Third, and finally, are the recipients of the Award. I may have been fortunate enough to have got the fledgling FrontlineSMS concept off the ground way back in the summer of 2005, but it’s been a truly monumental, global effort getting it to where it is today, recognising – of course – that we still have a long way to go. From bloggers to donors, from developers to journalists, from testing partners to users, people have stuck with us and supported us in ways I would never have imagined.
Sure, the software can do some pretty neat things, and thanks to Alex and Morgan (our two developers) it continues to improve. But what really draws the majority of people to our work is the approach. For five years we’ve remained 100% focussed on the end user, and have not been distracted by newer, sexier emerging technologies. People really seem to get that. We’ve also concentrated on building, and on remaining positive. There is much wrong in the world, but that should never stop anyone making a contribution, however small.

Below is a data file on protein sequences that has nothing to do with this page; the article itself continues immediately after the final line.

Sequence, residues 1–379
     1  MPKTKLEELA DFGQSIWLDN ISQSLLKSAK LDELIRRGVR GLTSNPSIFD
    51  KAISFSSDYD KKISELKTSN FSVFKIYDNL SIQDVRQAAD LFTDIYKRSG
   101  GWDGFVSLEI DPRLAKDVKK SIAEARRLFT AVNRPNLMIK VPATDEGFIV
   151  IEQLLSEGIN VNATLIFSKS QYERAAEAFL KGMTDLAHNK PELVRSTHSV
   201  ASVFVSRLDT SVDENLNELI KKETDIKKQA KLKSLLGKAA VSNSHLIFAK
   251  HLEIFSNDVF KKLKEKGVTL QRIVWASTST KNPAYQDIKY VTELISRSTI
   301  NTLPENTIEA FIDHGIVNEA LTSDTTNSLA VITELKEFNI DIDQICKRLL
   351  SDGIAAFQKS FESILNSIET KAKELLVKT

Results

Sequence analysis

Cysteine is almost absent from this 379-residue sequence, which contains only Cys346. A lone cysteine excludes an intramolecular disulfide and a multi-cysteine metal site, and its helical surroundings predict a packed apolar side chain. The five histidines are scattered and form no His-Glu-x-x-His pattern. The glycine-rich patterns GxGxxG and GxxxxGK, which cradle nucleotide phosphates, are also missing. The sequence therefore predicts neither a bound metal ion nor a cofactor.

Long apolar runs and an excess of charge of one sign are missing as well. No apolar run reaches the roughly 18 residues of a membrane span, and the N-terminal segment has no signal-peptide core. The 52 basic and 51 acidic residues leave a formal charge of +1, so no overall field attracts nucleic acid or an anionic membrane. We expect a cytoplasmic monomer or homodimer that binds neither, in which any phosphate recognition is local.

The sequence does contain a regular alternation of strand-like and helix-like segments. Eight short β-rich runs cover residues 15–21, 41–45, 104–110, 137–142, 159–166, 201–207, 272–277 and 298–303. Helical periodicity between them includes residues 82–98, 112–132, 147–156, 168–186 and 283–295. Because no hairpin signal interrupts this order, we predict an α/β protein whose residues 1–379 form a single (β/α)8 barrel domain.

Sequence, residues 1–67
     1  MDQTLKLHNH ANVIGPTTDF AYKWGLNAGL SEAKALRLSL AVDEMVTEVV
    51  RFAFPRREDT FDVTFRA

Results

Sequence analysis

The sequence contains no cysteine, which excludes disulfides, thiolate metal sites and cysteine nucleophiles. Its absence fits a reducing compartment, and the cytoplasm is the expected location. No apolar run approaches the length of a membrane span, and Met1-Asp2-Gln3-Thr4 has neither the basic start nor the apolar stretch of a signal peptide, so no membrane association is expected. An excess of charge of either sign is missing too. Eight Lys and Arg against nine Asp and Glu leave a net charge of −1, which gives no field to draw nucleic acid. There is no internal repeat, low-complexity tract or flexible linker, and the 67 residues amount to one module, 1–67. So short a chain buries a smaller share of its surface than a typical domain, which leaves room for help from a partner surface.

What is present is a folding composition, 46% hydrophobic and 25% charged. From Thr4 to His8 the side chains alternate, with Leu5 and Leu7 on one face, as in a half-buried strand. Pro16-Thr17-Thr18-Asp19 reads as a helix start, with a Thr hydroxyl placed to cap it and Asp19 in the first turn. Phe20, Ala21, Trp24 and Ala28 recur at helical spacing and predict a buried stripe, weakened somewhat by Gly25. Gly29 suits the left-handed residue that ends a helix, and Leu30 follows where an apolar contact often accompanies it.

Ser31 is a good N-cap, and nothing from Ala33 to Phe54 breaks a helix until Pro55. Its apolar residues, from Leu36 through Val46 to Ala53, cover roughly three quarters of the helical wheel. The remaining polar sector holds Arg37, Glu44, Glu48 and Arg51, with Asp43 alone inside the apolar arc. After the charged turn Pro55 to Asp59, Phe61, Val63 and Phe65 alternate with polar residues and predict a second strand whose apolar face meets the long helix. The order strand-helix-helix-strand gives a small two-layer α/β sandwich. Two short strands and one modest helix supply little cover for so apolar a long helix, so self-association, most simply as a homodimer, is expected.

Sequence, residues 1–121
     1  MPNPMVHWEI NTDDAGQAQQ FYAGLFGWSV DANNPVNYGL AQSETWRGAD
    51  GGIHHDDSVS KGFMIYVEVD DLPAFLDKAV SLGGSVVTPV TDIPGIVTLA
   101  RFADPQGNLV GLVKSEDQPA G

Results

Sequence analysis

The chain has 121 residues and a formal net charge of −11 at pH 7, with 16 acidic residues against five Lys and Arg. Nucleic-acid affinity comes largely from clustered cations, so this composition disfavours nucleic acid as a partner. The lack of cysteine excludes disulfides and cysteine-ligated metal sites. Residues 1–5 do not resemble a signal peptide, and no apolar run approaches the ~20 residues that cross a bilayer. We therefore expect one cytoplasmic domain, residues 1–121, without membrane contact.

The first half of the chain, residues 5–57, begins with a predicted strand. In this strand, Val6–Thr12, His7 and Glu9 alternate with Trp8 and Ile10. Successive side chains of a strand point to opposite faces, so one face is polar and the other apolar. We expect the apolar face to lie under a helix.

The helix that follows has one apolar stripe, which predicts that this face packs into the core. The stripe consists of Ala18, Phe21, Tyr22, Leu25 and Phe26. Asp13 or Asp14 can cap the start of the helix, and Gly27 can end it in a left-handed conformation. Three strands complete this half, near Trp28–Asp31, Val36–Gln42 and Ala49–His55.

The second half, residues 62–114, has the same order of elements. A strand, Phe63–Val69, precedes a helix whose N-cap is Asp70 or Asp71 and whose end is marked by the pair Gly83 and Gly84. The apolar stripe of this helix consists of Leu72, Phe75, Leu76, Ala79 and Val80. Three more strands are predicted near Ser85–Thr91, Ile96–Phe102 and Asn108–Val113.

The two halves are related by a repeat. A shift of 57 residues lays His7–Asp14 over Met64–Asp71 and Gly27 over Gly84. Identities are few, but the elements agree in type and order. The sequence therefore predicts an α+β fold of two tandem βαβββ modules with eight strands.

So, a big thank you to National Geographic for putting their faith in our work; to Laura, Alex, Morgan and Josh, our dedicated core team; to the MacArthur Foundation for taking a gamble on a guy living in a van in 2007, and to the Hewlett Foundation, Open Society Institute, HIVOS, the Rockefeller Foundation and the Omidyar Network for helping us continue to develop and grow.
Finally, thanks to everyone who has supported us, spoken about us, written about us, promoted us and helped us, and thanks to the users for taking our software and doing some truly inspirational things with it. We owe all of this to you.